When people started calling Seth Meyers the “real heir” to Jon Stewart after he had been on the air for little more than a year, it felt like a bit of a stretch. Not anymore.
Day after day, the host of NBC’s Late Night has been delivering in-depth, up-to-the-minute coverage of the Trump presidency, managing to be both incisive and hilarious at the same time. In the same way Stewart became George W. Bush’s main comedic foil during the 43rd president’s tenure, Meyers has taken the reins to become 45’s most tenacious critic, starting with the 2011 White House Correspondents’ Dinner speech that may have spurred Trump to run in the first place.
Meyers’ transition from long-serving Weekend Update anchor on Saturday Night Live to the fourth Late Night host, in an impressive chain of succession that went from David Letterman to Conan O’Brien to Jimmy Fallon before him, wasn’t exactly smooth. Never quite comfortable delivering a traditional stand-up monologue, he drew headlines by making the controversial decision to sit down. From that confident position behind his desk, he was free to start regularly delivering longform segments that take “A Closer Look” at the day’s biggest political stories. Those pieces have quickly evolved into late-night television’s most damning commentaries on the Trump White House.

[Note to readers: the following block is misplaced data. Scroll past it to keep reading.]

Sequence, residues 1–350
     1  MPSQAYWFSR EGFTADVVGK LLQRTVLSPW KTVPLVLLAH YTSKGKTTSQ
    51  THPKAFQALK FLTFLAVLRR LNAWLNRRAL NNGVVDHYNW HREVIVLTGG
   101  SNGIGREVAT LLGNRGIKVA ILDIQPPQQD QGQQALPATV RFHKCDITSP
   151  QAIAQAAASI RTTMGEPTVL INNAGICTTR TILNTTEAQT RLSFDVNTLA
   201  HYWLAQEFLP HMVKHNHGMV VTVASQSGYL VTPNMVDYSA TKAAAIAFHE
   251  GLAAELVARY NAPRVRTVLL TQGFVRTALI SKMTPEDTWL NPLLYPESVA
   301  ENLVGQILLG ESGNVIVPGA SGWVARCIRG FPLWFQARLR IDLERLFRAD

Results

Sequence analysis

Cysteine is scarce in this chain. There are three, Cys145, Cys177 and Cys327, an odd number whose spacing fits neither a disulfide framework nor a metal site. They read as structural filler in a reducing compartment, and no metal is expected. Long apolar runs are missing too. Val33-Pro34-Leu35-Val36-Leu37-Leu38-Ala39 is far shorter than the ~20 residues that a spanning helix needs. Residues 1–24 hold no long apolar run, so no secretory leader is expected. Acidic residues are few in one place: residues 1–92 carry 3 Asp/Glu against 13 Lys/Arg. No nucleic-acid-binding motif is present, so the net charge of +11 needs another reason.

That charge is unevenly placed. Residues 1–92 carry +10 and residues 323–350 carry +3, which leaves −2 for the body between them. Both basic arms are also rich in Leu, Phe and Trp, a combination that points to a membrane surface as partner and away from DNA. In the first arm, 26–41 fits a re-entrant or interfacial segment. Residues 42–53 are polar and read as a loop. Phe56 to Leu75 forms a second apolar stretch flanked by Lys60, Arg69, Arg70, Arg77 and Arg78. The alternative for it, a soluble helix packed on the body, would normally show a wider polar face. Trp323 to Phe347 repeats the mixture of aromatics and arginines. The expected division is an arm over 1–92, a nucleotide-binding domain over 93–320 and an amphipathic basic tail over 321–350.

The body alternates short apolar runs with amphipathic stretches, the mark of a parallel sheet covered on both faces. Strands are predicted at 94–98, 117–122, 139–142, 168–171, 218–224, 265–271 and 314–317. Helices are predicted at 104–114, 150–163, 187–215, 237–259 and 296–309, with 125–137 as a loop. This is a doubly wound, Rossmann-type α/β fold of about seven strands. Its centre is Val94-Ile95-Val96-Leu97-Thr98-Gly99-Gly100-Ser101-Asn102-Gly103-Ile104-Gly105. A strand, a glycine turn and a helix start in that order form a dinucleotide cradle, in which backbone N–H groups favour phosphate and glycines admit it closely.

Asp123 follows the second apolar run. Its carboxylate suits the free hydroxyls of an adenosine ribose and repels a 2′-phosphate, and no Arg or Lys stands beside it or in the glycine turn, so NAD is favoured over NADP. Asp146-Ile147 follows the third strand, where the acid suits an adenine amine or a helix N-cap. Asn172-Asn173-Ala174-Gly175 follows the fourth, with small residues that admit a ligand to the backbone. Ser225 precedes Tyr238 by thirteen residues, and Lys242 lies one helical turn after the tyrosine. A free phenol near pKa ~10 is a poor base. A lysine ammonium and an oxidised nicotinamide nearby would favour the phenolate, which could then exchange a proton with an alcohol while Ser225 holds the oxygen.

They have also helped him achieve much-needed online relevance. In his first two and a half years on the air, Meyers rarely had a segment top 2 million views on YouTube. Since Trump took office, his “A Closer Look” segments are consistently breaking the 3 million-view mark, and the sobering monologue he delivered the night after Trump’s victory has been seen more than 7 million times. Those numbers dwarf the approximately 1.5 million people who tune in to see his show live at 12:35 a.m. every night.
“It is crazy to me that I started doing this in 2014 and now I’m one of the people who’s been doing it the longest,” Meyers tells The Daily Beast by phone from his office at 30 Rock, on the same floor where he has worked for the past 16 years straight. “I did not get to be the new guy for very long at all.”
When we speak, the deadline for Emmy voting is just days away, and soon the nominees for the increasingly competitive Outstanding Variety Talk Series—an award for which his show has never been nominated—will be announced. From Stephen Colbert and Trevor Noah to Samantha Bee and John Oliver, there is no shortage of late-night comedy that takes aim at Trump. But by focusing his energy almost entirely on the most objectively entertaining president in American history, he has often managed to rise above the rest.